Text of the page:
Try and steer clear of ultimatums. Ultimatums are rarely effective and they can increase the sense of guilt and shame a person feels about their behaviour.
Making ultimatums may encourage greater secrecy and rarely prepares someone for change.
Generally ultimatums are made out of utter frustration, desperation and anger. When everything else seems to fail in making our loved one realise the damage they are causing, we believe that if we can force an outcome serious enough, that our loved one will suddenly, finally be compelled to change. You feel you need to take definite and immediate action.
An ultimatum may work temporarily, but then the addiction overcomes their desire to obey your ultimatum. It always returns, no matter how forcefully you try to push it away, no matter what tactics you use. Your threat has made no difference.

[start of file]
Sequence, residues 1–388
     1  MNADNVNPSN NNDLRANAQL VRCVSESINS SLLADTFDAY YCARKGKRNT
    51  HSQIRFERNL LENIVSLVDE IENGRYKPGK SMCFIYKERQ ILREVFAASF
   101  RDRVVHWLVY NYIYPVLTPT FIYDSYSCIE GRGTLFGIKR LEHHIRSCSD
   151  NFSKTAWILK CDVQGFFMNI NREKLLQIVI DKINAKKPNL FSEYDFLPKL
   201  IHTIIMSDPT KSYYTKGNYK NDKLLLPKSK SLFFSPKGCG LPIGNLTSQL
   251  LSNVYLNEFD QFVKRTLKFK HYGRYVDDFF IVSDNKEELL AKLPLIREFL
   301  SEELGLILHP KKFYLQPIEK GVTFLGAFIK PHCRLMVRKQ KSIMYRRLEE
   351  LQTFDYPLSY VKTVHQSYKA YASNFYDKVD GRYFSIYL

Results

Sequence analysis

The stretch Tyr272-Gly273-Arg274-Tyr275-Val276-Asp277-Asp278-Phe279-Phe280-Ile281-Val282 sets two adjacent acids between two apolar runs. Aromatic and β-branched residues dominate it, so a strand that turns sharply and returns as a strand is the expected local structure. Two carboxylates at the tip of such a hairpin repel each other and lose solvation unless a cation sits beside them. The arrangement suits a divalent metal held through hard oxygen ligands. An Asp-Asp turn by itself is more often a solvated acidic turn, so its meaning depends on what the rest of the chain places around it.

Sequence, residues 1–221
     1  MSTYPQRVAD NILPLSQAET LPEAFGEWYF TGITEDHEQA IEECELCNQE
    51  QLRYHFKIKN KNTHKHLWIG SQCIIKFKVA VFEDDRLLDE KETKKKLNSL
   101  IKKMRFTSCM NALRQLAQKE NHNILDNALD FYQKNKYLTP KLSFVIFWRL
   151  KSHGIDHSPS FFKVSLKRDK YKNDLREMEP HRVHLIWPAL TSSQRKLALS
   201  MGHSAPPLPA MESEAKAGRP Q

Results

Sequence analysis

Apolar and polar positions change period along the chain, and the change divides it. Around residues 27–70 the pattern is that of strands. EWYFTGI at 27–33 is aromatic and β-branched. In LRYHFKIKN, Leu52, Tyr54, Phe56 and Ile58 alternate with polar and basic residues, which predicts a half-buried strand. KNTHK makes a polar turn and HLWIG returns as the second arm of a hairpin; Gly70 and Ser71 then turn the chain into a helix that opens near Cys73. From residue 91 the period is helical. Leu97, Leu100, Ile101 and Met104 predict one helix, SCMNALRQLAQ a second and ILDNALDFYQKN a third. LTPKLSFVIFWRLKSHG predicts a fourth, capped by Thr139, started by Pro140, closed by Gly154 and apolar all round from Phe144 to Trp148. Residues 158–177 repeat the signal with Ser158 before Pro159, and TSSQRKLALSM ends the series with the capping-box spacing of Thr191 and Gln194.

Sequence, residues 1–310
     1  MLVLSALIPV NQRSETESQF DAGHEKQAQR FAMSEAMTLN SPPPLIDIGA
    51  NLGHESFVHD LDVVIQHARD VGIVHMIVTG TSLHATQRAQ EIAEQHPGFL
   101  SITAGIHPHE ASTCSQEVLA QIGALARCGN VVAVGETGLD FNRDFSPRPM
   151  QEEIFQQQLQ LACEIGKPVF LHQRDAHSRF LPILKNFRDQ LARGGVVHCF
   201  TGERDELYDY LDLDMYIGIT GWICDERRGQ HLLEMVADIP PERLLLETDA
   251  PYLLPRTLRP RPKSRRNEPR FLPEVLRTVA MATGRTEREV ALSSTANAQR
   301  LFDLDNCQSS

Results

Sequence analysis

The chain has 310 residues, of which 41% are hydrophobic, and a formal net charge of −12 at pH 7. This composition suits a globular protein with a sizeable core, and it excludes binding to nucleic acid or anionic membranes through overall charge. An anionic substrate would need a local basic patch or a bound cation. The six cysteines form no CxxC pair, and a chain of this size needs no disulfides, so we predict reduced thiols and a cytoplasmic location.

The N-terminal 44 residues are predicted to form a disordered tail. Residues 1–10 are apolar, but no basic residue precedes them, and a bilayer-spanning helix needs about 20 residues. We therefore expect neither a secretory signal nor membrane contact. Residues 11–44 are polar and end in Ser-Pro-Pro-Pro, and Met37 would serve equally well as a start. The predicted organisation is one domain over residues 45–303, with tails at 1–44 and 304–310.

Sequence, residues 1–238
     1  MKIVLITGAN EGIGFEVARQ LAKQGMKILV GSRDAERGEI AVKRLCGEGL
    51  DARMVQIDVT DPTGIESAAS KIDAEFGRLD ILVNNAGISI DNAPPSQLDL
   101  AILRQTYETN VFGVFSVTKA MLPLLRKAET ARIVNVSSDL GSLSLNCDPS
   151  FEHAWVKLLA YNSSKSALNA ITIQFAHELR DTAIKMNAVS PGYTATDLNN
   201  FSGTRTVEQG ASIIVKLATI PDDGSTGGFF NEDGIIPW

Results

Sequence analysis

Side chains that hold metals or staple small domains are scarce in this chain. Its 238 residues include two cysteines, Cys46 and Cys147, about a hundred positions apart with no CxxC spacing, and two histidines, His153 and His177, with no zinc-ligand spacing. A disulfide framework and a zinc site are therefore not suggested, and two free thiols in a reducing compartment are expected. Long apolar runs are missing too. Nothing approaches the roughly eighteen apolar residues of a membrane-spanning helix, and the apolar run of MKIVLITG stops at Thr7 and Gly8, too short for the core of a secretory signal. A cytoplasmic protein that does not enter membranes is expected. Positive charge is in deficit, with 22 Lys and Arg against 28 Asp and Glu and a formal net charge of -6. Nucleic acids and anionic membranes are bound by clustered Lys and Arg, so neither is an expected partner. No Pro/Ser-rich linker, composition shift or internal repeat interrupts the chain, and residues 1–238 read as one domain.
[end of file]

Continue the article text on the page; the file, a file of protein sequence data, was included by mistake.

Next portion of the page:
You should always think carefully before doing anything that enables the gambler to continue to gamble. Lending money or lying about their gambling helps problem gamblers avoid the consequences of their actions. They should take responsibility for their own behaviour.
Speaking to a qualified counsellor or even calling one of the problem gambling helplines might be able to assist you plan your approach in advance. They will have come across this situation many times before and can help you decide on the best path for you.